11["The Cuzco", The Argus (Melbourne), Monday 08 July 1878, page 6]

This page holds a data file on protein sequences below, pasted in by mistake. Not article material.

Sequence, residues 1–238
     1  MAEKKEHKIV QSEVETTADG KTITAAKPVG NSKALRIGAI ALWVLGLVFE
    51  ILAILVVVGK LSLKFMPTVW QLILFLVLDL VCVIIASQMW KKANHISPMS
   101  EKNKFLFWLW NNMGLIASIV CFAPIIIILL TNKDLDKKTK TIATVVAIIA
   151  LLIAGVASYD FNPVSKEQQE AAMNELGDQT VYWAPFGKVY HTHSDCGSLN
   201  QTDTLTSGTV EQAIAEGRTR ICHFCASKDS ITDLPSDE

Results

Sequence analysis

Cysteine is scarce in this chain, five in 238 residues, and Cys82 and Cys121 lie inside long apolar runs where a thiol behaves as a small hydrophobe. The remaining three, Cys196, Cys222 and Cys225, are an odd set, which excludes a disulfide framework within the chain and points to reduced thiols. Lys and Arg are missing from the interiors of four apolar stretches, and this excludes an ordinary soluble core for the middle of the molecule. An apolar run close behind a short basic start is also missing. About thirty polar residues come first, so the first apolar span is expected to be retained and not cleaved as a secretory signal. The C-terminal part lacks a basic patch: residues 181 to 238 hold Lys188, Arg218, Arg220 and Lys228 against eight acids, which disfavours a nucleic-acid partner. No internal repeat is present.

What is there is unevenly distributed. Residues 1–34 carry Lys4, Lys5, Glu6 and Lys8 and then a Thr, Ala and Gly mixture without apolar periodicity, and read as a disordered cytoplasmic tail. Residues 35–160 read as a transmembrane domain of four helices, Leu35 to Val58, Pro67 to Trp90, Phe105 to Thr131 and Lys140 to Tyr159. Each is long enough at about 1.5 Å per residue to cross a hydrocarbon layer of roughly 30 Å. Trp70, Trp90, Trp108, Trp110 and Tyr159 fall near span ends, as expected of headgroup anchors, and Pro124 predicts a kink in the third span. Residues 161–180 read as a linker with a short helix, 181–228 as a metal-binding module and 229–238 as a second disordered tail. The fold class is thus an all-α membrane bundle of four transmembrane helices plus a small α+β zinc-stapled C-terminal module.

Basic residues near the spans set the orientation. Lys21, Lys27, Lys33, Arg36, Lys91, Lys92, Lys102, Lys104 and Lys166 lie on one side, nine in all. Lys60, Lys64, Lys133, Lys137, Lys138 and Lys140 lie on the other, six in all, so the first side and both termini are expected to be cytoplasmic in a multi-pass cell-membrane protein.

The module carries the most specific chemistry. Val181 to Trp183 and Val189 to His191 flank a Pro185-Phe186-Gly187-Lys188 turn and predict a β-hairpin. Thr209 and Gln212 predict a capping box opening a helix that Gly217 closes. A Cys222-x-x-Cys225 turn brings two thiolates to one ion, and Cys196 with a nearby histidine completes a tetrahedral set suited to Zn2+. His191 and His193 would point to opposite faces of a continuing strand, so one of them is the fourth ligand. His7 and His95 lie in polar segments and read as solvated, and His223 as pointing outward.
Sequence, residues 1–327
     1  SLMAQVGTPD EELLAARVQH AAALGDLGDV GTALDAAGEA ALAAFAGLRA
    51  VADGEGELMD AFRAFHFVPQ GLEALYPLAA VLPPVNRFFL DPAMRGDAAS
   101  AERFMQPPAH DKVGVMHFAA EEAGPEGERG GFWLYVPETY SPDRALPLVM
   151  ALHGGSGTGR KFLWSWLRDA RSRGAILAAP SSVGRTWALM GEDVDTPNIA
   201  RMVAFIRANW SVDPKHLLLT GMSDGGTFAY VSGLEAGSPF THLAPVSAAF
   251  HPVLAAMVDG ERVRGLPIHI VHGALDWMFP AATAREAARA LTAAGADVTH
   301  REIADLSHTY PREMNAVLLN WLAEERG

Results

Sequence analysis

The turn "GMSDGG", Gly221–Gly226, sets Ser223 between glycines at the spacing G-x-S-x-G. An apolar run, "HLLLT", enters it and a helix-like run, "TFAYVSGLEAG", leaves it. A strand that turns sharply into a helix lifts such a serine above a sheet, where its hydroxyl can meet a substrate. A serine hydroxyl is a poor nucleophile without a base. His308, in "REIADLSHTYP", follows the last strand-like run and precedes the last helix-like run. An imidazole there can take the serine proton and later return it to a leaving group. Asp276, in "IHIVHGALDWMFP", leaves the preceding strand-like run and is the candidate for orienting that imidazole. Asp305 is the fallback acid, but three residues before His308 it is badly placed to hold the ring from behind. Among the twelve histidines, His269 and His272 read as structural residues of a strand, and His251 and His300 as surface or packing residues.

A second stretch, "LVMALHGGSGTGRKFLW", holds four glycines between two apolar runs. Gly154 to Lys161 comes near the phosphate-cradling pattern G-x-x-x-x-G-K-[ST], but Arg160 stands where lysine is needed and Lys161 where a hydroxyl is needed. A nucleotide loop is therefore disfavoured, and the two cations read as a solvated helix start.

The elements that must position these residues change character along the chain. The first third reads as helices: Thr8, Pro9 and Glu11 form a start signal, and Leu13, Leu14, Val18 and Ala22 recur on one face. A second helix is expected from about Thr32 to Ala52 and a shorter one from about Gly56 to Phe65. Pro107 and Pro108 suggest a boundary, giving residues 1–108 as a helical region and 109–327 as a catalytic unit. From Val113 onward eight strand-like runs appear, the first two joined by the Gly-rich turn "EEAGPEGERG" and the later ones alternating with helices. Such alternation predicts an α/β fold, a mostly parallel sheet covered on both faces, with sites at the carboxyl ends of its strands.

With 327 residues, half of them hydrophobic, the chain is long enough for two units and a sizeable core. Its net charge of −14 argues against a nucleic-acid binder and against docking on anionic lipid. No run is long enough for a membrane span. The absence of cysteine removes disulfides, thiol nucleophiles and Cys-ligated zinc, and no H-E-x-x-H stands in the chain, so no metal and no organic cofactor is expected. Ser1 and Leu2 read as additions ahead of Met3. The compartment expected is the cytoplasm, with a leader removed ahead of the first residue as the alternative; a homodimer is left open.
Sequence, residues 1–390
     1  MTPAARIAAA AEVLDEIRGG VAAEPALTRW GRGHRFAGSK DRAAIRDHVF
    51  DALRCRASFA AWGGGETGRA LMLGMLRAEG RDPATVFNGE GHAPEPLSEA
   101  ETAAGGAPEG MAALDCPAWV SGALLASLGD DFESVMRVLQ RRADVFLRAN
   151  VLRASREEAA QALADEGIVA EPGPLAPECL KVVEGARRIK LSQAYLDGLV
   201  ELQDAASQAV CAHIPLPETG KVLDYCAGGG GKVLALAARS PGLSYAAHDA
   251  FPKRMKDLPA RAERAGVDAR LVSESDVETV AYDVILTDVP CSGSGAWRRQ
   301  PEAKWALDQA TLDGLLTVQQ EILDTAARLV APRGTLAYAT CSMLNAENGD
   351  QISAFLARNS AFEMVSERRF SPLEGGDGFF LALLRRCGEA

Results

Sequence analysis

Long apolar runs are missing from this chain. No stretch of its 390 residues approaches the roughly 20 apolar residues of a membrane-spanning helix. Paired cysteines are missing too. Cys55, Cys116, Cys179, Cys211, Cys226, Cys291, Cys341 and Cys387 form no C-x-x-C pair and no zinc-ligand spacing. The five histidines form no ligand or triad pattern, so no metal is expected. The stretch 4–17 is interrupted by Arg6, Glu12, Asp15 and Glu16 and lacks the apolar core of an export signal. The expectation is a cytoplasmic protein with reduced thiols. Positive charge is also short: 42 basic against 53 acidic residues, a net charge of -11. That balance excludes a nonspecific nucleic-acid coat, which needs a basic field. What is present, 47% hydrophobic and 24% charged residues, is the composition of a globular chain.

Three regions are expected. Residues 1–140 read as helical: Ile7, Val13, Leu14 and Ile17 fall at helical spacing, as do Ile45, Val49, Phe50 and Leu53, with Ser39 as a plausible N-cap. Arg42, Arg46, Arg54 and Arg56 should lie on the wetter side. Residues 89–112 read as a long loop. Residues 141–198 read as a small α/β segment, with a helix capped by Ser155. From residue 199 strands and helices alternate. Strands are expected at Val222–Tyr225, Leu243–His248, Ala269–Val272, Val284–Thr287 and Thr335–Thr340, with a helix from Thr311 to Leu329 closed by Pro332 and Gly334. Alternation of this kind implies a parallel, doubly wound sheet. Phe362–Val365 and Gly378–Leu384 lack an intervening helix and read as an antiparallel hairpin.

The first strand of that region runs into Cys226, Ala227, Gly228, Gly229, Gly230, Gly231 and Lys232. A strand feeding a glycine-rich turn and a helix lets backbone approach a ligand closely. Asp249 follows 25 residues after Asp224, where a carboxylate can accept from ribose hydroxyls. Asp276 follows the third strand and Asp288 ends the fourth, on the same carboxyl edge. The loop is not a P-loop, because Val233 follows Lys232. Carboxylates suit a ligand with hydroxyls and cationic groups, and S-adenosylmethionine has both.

The Orient Company's steamship Cuzco was taken into the graving dock at williamstown on Saturday morning. She is the largest vessel which has yet tenanted the dock, but although she is 302ft in length on the waterline, there is still over 80ft of room to the good fore and aft. Her lines are very fine, and the hull so beautifully modeelled that it is only when she is looked at from the bottom of the dock that her vast proportions are fully appreciated. Immediately after the water was pumped out on Saturday afternoon, preparations were made for commencing work at the broken shaft, under the direction of Mr Macdougall, the chief engineer of the ship. It was discovered that the outer or propeller section of the shaft had broken only about a foot inside of the stern post. The adjoining section was disconnected, and lifted to the top of the tunnel, so as to admit of the broken portion being drawn out, a work of some difficulty in consequence of the confined space in which the workmen had to operate. However, it was safely accomplished and the great rod of iron, about 10ft. in length and 18in. in diameter, was drawn out of the tunnel, and lifted into the hold. The remaining 9ft of the broken shaft is that portion which passes out through the stern, and holds the propeller. This will be removed from the exterior. In order to effect this the vast propeller is to be taken to pieces, four fins, each weighing about two tons, being unbolted separately and taken off. The boss will be slung, and it is expected the shaft will be got out without very great difficulty. The spare duplicate of the section broken will then be fitted, und if all goes well within the week the Cuzco will be afloat again. The broken portion of the shaft, which has been lifted out, shows a fracture obliquely through the metal extending over a length of 21 inches. There is no perceptible flaw in the iron, but it is probable that it had not been properly welded when made, for no presumption of heavy work can explain a break in such a spot unless there was some weakness in the metal itself. Where the break occurred the shaft is encased in a protecting tube, which gave it only a couple of inches play and prevented any damage being done to the hull of the vessel after the accident. Yesterday afternoon the graving dock was visited by thousands of people, the steamer Gem conveying a large number across the bay. The visitors were courteously permitted to inspect the ship, and her saloon and excellent appointments generally excited considerable admiration. The P. and O. Company's steamer Assam was lying at the graving dock jetty, and H.M.V.S. Nelson was moored across the end of the dock. Both were open to inspection, so that visitors had an opportunity rarely offered of gratifying their curiosity in respect to naval architecture, both ancient and modern.